Home Hepatitis Response guided therapy for reducing duration of direct acting antivirals in chronic hepatitis C infected patients: a Pilot study

# Response guided therapy for reducing duration of direct acting antivirals in chronic hepatitis C infected patients: a Pilot study

### Patient population and clinical data

This was an open label, single arm, prospective, pilot study recruiting up to 30 consecutive CHC patients eligible for DAA treatment. Enrollment was conducted at 2 tertiary care hospitals in Israel, Soroka Medical Center in Beer-Sheva and Rabin Medical Center, Beilinson campus, in Petah-Tikva. Both centers are part of Clalit Health Services, the largest health fund in Israel. Male and female patients with compensated liver disease were enrolled in the study if they were ≥ 18 years of age, had HCV genotype 1–4, with RNA viral load > 105 IU/mL at screening and on at least one other occasion 6 months or more prior to enrollment and had an ALT < 10 times the upper limit of normal. Patients were excluded from the study if they were pregnant, had evidence of another cause of chronic liver disease, had decompensated liver disease, eGFR < 60 mL/min as calculated by the Cockroft-Gault equation, imaging findings suspicious for hepatocellular carcinoma or evidence of extra-hepatic malignancy (excluding basal cell or squamous cell carcinoma) in the 5 years preceding enrollment. Full eligibility criteria for this study are provided in the Supplementary File.

Liver fibrosis staging was performed by either transient elastography or FibroTest. Cirrhosis was defined by liver stiffness measurement of ≥ 12 kPa or by a Fibrotest score of ≥ 0.75.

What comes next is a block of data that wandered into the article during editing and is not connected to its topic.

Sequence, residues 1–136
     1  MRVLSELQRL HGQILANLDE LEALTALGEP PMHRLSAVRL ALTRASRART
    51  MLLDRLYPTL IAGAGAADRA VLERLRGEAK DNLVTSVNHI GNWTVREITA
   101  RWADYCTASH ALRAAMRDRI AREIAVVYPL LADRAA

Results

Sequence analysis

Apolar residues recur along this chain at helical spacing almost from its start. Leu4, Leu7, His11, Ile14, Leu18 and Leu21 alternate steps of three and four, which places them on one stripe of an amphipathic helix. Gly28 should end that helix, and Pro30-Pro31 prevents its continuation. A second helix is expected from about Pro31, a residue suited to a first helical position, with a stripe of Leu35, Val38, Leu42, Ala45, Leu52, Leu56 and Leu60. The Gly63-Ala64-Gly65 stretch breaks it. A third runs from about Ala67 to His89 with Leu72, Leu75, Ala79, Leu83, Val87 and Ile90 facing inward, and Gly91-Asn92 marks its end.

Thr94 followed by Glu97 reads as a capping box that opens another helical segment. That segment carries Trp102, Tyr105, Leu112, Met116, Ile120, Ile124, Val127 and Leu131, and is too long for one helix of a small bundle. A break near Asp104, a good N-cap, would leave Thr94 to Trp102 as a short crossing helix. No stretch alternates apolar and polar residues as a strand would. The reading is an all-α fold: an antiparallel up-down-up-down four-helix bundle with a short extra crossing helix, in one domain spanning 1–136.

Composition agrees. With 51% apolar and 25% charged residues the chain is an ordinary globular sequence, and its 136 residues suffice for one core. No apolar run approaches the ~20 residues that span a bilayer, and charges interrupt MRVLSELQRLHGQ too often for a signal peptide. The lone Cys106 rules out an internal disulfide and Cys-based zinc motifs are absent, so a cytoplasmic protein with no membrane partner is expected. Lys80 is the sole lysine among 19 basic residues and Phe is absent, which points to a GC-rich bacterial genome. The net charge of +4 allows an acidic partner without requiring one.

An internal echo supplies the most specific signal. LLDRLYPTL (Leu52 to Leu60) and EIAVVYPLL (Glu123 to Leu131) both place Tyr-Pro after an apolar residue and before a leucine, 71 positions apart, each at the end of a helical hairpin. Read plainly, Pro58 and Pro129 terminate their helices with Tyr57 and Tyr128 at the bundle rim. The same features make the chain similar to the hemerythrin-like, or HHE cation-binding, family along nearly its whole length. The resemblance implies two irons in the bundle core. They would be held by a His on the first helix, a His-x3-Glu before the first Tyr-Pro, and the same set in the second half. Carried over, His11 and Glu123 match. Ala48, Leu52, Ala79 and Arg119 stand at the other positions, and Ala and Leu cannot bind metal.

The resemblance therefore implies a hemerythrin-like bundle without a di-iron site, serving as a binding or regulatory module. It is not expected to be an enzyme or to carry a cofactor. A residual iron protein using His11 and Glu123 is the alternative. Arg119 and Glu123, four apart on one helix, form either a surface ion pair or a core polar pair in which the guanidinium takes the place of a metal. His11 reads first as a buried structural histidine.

The following clinical and virological variables were recorded: demographics (age, gender), body mass index, treatment regimen and duration, HCV genotype, baseline viral load, complete blood count, alanine aminotransferase, albumin, creatinine, bilirubin and International Normalized Ratio, HCV RNA levels at specific time points prior to, during, and post-treatment and stiffness measurement or FibroTest score measurements. All authors had access to the study data and reviewed and approved the final manuscript.

### Ethical statement

The study was approved by the institutional review boards of Soroka and Rabin Medical Centers and was conducted in compliance with the Declaration of Helsinki, Good Clinical Practice guidelines, and local regulatory requirements. All patients provided written informed consent.

### Treatment regimens

Patients enrolled in the study received one of four DAA regimes currently provided by the health system in Israel:

1. 1.

Daily fixed dose combination of Elbasvir 50 mg + Grazoprevir 100 mg (ELB/GRZ)

2. 2.

Daily fixed dose combination of Ledipasvir 90 mg + Sofosbuvir 400 mg (SOF/LED)

3. 3.

Daily fixed dose combination of Sofosbuvir 400 mg + Velpatasvir 100 mg (SOF/VEL).

4. 4.

Daily fixed dose combination of Glecaprevir 100 mg + Pibrentasvir 40 mg (GLE/PIB).

Treatment regimens were selected based on the treating physicians’ preference, in alignment with the EASL 2018 guidelines for the treatment of CHC.

### Mathematical modeling

HCV viral kinetics under DAA therapy was assumed to follow the standard biphasic model18:

$$frac{dI}{dt}=beta {T}_{0}V-delta I$$